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OPINION: Why NIL is actually a good thing for college athletes

“This is a zillion dollar industry and these kids are getting nothing out of it. That needs to change.”

Ever since I fell in love with sports when I was 10 years old, this was the general consensus for the answer to the number one question concerning the amateur level of athletics.

Should players in college be paid?

To me, this answer is a no-brainer.

Even though the response above is one that I have heard repeatedly throughout my life, I have to agree.

The NCAA generated around $940 million in annual revenue in 2022, and without a doubt, the biggest reason why is because of its athletes.

The individuals that put their blood, sweat and tears, who put their bodies on the line to not only play the game they love, but to entertain us, the fans. 

They give us a pleasant distraction for a few hours out of the old routine from our everyday lives, and we repay them by coming out to their events and supporting them, along with having their support every opportunity we can.

Not only that, but little kids watch college athletes and turn them into idols that they look up to. 

Positive role models that show characteristics on and off the field such as respect, dignity and gratitude on and off the playing field give those who wish to play in places such as Bryant-Denny, Cameron Indoor, Alex Box Stadium and more college level athletic facilities one word, hope. 

But with that aside, there are some thinking that the result from the NIL craze has been too much.

Colorado quarterback Shedeur Sanders has accumulated $4.7 million.

NIL, also known as name, image and likeness, are how college athletes profit from sponsors and endorsers, and those who think it has gone overboard believe there is one big factor as to why Sanders has accumulated that much money.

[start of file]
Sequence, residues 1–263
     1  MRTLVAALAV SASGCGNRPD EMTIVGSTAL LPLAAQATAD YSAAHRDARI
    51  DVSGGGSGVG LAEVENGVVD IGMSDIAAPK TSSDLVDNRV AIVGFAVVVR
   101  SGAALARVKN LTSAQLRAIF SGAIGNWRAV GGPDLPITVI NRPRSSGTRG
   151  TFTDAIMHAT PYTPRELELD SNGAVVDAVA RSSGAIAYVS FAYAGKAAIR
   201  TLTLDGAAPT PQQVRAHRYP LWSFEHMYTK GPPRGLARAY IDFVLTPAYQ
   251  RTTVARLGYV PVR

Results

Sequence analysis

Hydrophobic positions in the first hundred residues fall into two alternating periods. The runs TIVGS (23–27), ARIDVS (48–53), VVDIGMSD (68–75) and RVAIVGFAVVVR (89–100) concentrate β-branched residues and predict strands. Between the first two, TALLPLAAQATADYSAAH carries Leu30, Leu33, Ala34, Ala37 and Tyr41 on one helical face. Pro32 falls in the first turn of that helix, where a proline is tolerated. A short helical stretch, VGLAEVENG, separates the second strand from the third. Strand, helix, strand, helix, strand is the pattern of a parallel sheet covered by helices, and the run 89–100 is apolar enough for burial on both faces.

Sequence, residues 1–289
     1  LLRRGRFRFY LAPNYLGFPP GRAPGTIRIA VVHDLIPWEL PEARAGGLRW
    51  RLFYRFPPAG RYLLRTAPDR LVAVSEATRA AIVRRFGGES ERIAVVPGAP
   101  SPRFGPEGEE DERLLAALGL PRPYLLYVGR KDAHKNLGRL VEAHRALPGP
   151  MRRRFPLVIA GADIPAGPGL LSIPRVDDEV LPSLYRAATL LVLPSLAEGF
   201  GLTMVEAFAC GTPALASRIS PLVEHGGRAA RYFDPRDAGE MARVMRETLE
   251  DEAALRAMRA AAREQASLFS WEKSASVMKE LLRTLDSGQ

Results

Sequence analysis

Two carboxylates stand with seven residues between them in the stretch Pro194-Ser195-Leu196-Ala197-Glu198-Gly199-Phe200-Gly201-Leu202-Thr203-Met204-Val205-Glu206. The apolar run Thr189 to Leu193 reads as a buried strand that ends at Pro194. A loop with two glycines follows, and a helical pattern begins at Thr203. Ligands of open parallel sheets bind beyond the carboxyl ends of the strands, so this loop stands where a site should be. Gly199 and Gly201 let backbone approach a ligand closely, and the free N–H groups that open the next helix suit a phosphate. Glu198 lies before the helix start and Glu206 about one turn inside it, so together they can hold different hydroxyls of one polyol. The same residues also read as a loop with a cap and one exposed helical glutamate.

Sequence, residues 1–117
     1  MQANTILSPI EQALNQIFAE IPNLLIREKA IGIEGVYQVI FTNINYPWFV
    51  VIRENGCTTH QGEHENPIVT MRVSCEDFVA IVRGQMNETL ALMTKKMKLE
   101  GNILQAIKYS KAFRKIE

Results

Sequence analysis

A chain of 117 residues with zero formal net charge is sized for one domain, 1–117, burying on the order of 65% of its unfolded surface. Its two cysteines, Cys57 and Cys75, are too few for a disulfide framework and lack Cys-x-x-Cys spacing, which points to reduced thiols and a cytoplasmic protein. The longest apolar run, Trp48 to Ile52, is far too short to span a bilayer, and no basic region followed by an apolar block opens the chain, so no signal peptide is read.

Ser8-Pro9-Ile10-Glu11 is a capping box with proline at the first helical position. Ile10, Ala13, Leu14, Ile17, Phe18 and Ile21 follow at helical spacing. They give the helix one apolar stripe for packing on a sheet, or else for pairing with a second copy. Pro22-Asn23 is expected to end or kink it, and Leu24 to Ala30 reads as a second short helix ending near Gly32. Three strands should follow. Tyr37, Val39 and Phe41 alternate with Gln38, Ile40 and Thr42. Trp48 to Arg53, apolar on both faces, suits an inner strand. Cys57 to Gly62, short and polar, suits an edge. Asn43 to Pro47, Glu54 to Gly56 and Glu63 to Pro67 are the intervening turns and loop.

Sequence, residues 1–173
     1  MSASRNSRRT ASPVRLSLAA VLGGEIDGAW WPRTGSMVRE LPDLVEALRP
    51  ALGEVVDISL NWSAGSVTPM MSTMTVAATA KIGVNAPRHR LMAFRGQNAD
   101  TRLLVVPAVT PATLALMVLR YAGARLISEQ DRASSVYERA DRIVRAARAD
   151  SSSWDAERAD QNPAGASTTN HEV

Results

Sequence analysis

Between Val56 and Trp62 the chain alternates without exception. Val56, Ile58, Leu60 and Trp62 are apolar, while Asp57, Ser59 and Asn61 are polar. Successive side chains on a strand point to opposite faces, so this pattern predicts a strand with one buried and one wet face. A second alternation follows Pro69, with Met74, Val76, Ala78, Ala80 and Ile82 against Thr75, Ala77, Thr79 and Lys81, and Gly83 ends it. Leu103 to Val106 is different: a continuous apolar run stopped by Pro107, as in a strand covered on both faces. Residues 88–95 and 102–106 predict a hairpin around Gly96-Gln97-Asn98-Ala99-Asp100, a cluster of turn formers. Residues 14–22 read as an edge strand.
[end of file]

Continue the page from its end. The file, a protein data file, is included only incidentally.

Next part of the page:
Because his daddy is his coach.

Well here’s the thing.

Not only does his daddy draw eyeballs, but he and his team do as well.

From Weeks 3-5 of the college football season, the most watched game of the week included the Colorado Buffaloes, averaging 8.86 million viewers. 

People who believe that Sanders shouldn’t be getting all his inquiries also think it’s because of his team’s record.

After the Buffs started the year 3-0 and being ranked as high as 18th in the nation in the College Football Playoff rankings in that stretch, Colorado lost eight of their last nine games, missing out on a bowl game altogether.

But to the naysayers, I propose this.

How would you feel if more than 50,000 people (the capacity of Colorado’s home stadium, Folsom Field) paid money to watch you and your coworkers perform at your job? To me, college athletes’ jobs are the sport that they compete in. On top of that, nine million people watched you perform at your job from their living room on television.

Wouldn’t you want a little bit of compensation for it? I know I would. And I feel like a good majority of people would as well.

Many big names have graced the college sports landscape. 

Some call Tim Tebow the greatest college football player of all time when he was quarterbacking the Florida Gators in the late 2000s. Won two BCS National Championships. Didn’t get a penny.

Michael Jordan hit a game winning jump shot to win the North Carolina Tar Heels a national title in 1982 in front of a sold out Ceasers Superdome in New Orleans. Didn’t get a penny.

Sabrina Ionescu is the leader all time in terms of all-time triple doubles in NCAA history while playing at Oregon. Didn’t get a penny.

Remember when I said how would you feel if a ton of people watched you and didn’t get compensated for it? Now imagine being one of the best employees at your job and not getting compensated. It would sting, wouldn’t it?

So to those of you who think that student athletes getting money from NIL’s are a bad thing or it’s too much, I’ll say this.

I respect your opinion.

But to me, these athletes are helping draw the organization they play for millions of dollars at the end of the day.

So let the kids play, even if it means they get to have a little cash in their pockets as a result of it.

Matt Kiraly is an opinion writer. Contact him at [email protected].

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